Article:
Macken Companies approached C&I Studios about commissioning a video, something creative that might convey the lifestyle possibilities latent within their newest residential real estate development: Koya Bay.
As an idea agency, C&I Studios is a master of storytelling and brand recognition. From the start, we knew we would face little difficulty in delivering a video evocative of a specific habitat or vibe. The discipline of our production crew, the skill of our cinematographers, the versatility of our creative team as a whole, had us feeling undaunted.
Machen Companies’s need was a video that would build intrigue about their project; our task: to create something to advertise the homes of Koya Bay to the viewer (the general public), whilst transporting them into a world of possibility.
The only trouble was, the homes of Koya Bay—a series of ten four-level townhomes situated on the water The Isle of Eastern Shores—had yet to be built.
Life is moments that we dream together…
Above all, we knew the video’s purpose was to attract potential buyers. You cannot expect to attract buyers, however, if you do not first engage the imagination. In order to convince future homeowners of the potential of Koya Bay’s offerings, we had first to spark something inside the viewer’s mind, to plant a seed, a vision that would then develop into a dream.
Our biggest hurdle of course was in devising a video concept that would effectively advertise these homes without being able to show them. As usual, we were not unnerved by this challenge, we were motivated by it. With only a few 3D renderings on hand, our endeavor was to carve these dreams directly into the minds of our viewers using one of cinema’s most allusive tools: suggestion.
A One-Day Shoot
First we began with a script.
We live for creativity, but we never allow our own visions to alter the integrity of our client’s brand; our job is to help them speak in the most effective way possible. We were sure in developing this script to receive the approval of both Alan, the owner of Koya Boy, and his sister Jodi, in charge of sales for the development. In fact, their input was imperative to us.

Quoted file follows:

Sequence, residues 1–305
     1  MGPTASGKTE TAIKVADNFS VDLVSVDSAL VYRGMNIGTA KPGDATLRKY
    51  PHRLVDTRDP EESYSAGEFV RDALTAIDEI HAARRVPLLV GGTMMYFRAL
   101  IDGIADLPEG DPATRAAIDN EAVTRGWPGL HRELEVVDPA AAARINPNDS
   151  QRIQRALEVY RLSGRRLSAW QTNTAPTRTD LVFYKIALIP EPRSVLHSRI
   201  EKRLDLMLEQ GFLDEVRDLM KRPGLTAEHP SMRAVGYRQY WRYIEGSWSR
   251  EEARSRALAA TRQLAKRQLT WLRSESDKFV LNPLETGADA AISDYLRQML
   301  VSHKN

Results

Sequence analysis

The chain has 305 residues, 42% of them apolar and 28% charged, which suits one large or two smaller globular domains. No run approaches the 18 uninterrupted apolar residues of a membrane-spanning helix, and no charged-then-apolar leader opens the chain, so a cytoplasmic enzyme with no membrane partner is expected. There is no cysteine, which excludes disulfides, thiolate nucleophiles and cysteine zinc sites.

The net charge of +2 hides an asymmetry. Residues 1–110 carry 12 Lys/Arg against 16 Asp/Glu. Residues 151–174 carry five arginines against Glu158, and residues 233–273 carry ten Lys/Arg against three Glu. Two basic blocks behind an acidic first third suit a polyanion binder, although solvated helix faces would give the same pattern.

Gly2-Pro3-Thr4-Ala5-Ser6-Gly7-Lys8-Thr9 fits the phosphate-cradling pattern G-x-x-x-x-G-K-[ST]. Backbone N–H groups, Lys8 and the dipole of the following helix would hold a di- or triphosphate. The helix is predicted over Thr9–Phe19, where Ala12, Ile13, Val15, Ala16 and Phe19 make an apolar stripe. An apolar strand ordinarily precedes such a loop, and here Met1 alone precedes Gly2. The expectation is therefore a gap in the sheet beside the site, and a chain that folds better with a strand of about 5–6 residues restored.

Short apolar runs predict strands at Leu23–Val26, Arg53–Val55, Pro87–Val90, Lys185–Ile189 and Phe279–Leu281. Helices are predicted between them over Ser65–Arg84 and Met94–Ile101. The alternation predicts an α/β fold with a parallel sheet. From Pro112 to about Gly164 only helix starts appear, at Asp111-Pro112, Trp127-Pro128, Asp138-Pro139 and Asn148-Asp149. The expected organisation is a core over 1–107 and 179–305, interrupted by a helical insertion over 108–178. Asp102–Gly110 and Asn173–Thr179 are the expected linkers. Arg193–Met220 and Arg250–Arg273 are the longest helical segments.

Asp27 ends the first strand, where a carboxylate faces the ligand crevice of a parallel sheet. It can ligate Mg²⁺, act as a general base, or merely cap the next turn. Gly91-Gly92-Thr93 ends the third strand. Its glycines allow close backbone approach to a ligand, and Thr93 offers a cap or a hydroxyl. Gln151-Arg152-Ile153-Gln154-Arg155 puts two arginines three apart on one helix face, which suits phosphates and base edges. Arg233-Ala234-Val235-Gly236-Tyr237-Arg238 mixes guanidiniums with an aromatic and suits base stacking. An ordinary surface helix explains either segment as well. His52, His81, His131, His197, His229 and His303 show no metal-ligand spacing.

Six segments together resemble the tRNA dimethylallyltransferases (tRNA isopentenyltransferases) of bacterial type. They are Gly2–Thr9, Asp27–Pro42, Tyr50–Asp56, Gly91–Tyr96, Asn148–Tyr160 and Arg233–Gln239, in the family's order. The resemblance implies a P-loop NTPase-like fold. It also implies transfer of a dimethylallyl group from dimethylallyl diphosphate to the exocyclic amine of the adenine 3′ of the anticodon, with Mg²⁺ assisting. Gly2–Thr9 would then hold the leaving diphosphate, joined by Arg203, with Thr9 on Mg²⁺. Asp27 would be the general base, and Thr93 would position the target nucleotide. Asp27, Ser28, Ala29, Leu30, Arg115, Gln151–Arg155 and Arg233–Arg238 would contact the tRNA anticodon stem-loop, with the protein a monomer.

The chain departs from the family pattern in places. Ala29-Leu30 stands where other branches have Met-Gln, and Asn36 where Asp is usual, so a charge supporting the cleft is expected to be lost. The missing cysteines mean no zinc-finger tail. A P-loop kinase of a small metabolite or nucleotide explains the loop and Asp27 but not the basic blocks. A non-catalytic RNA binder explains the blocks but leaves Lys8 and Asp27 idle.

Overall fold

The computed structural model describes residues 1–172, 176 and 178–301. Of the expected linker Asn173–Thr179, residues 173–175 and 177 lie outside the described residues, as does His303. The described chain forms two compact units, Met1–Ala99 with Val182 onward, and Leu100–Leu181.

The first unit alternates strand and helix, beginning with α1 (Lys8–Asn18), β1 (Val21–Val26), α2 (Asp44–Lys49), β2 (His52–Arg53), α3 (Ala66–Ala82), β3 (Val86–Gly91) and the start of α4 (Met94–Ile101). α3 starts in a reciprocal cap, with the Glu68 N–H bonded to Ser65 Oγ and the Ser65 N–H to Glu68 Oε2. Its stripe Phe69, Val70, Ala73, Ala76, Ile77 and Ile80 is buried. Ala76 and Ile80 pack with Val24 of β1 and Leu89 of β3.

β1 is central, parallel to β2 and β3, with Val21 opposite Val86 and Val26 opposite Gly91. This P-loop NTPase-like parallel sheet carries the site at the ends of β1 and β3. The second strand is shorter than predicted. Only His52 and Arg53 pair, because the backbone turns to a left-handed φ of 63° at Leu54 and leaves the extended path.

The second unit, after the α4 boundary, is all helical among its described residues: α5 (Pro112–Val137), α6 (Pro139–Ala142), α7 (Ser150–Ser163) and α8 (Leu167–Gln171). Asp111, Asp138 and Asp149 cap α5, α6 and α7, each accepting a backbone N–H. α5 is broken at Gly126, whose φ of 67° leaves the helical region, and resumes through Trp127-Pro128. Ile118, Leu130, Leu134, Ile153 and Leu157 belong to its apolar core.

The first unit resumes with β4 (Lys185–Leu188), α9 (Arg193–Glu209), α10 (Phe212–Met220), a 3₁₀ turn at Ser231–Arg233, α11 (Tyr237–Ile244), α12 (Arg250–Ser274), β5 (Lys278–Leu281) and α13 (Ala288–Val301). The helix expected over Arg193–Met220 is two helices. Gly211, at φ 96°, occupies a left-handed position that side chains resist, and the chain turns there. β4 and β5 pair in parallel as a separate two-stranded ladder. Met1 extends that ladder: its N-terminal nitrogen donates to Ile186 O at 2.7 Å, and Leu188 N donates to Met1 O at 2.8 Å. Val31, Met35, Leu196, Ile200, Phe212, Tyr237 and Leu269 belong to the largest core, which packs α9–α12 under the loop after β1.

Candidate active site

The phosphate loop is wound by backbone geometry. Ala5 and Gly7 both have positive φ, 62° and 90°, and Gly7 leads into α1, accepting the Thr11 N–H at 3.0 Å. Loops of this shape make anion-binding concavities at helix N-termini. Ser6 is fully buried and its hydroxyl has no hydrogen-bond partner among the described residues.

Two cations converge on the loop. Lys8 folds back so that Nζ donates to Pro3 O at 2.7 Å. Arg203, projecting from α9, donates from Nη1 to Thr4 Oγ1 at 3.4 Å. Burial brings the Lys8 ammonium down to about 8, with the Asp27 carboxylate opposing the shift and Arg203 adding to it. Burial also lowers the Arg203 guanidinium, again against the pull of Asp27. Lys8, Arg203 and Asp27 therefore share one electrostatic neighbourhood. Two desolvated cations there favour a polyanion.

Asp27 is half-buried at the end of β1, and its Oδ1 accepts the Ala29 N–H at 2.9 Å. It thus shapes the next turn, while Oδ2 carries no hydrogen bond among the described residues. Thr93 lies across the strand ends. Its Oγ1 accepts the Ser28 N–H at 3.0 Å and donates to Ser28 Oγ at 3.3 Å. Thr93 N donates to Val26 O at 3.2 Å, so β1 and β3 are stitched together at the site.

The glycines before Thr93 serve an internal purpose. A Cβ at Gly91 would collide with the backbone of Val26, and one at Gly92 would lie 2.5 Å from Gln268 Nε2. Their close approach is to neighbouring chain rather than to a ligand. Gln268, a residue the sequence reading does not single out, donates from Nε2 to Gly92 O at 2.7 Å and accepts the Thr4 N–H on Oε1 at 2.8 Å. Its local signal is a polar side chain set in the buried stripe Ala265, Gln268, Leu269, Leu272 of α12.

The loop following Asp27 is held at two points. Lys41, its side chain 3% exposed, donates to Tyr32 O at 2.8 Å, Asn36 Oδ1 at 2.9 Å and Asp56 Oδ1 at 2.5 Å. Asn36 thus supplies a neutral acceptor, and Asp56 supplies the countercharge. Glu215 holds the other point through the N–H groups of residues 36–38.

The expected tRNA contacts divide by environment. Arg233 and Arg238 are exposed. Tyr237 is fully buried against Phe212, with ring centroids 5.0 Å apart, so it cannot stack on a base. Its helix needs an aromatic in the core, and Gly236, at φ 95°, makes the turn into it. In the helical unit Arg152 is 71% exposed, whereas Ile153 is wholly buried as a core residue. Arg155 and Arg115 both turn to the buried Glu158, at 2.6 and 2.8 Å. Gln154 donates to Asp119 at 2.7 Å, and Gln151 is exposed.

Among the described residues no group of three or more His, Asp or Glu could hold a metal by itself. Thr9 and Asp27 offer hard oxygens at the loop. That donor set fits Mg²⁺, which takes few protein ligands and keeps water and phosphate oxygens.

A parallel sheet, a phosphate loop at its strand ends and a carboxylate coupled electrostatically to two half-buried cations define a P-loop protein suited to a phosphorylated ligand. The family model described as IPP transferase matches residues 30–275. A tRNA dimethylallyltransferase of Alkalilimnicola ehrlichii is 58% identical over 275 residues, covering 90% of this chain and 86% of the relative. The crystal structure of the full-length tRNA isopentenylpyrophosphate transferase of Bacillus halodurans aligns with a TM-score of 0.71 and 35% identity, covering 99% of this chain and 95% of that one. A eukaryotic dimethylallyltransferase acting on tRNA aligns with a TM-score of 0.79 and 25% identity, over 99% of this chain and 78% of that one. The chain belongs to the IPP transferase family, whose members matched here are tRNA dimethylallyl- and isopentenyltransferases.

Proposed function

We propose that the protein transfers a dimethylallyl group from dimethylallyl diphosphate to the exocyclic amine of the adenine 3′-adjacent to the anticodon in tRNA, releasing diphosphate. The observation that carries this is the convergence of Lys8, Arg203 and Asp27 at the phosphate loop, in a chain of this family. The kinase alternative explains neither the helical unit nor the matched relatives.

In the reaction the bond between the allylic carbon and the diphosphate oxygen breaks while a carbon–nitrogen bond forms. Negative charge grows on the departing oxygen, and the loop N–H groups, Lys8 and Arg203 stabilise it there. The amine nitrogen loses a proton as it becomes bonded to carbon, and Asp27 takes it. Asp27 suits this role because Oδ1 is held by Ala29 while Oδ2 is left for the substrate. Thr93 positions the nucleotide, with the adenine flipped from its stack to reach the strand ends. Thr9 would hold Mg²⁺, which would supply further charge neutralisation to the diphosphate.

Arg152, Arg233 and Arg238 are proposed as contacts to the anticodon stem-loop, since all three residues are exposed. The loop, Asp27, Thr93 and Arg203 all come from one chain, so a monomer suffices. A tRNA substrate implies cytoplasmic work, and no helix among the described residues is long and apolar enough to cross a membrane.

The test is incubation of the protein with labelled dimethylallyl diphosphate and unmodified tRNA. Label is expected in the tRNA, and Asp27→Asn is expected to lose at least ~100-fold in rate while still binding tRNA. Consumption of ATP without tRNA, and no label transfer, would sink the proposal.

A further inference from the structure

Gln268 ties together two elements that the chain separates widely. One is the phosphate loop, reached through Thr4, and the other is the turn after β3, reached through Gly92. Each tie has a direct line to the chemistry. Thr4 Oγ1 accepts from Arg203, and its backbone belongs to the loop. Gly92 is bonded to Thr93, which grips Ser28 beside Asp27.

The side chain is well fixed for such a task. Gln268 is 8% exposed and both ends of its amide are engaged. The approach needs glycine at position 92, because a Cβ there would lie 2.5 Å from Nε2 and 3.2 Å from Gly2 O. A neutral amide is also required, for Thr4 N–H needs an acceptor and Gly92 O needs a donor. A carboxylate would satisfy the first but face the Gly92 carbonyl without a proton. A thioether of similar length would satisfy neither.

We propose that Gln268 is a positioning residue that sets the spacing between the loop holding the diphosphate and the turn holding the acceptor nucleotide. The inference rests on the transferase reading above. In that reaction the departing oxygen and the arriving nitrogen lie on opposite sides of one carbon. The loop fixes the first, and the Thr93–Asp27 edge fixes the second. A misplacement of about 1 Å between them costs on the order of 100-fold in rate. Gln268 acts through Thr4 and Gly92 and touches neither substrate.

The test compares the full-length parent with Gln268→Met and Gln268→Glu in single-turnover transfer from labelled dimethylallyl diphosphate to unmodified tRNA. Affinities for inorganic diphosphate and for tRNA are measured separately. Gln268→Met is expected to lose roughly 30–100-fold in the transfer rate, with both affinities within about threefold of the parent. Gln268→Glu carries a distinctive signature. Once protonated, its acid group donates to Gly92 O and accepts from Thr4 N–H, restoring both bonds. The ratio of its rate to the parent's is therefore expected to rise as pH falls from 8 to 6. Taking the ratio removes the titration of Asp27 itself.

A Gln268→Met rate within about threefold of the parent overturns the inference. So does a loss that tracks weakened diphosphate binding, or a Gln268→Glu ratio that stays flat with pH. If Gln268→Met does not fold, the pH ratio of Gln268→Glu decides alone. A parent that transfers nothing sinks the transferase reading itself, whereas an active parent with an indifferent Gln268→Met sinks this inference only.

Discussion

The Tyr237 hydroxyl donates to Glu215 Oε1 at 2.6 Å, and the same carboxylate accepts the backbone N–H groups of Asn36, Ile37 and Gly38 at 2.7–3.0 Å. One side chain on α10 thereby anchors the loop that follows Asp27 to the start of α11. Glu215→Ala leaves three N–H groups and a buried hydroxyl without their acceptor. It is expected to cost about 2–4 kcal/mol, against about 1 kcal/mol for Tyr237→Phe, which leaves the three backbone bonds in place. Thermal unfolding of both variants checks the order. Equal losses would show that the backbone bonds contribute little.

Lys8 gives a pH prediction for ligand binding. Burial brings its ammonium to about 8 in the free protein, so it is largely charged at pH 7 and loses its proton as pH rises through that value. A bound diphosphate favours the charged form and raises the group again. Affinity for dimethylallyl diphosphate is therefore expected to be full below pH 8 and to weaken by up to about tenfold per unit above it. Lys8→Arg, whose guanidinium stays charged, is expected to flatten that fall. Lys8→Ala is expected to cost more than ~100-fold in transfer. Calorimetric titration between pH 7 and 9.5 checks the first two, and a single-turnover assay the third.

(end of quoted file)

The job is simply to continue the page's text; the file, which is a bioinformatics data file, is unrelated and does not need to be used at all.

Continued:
Once we had the green-light, we were flat out scouting talent and locations that would unify the script and bring it to life on screen, laying out the schedule for what would be an impossibly quick turnaround—the rough shots for this entire branding video were to be caught over the span of a one-day shoot.
With a crew call of 5:30am, we hit the ground running. A director, a lighting crew, and cinematographers toting two cinema-grade RED 8k cameras, staged interviews with Alan and Jodi to give the video a personal touch.
We captured b-roll of the talent; men and women looking out of windows, gazing up at their property with pleasure, drinking champagne on a balcony, enjoying the sun on the beach or jumping into a pool underwater.
We caught fly-over drone footage of the beach, the tropical coastline, the marina, to really hone-in on the location—it being perhaps one of the most important factors in the real estate business.
All of it, caught in just one day.
When it was over, when the cameras stopped rolling and the talent was wrapped, the day finished—our job was not. Editing came next. Cutting and splicing raw footage in DaVinci to create a narrative. We overlaid the final cut with the voice of our narrator, and color-graded the imagery and leveled the sound until it was perfect. A complete and compelling dream.
Our final delivery on this project was one 15 second video, one 60 second video, and a total of 30 still images for our client to use as promotional content for their development.
We like to highlight that such images were lifted from rough edits and then color graded. The reason for pointing this out is that frame-grabs so in fact live up to the standard of professional photography. In this case, the high-resolution of our RED cameras allowed us to capture a whopping eight-thousand pixels per frame. That’s why the quality of these photographs are so crisp, so cinematic—indistinguishable, you might say, from those caught on a traditional photo camera.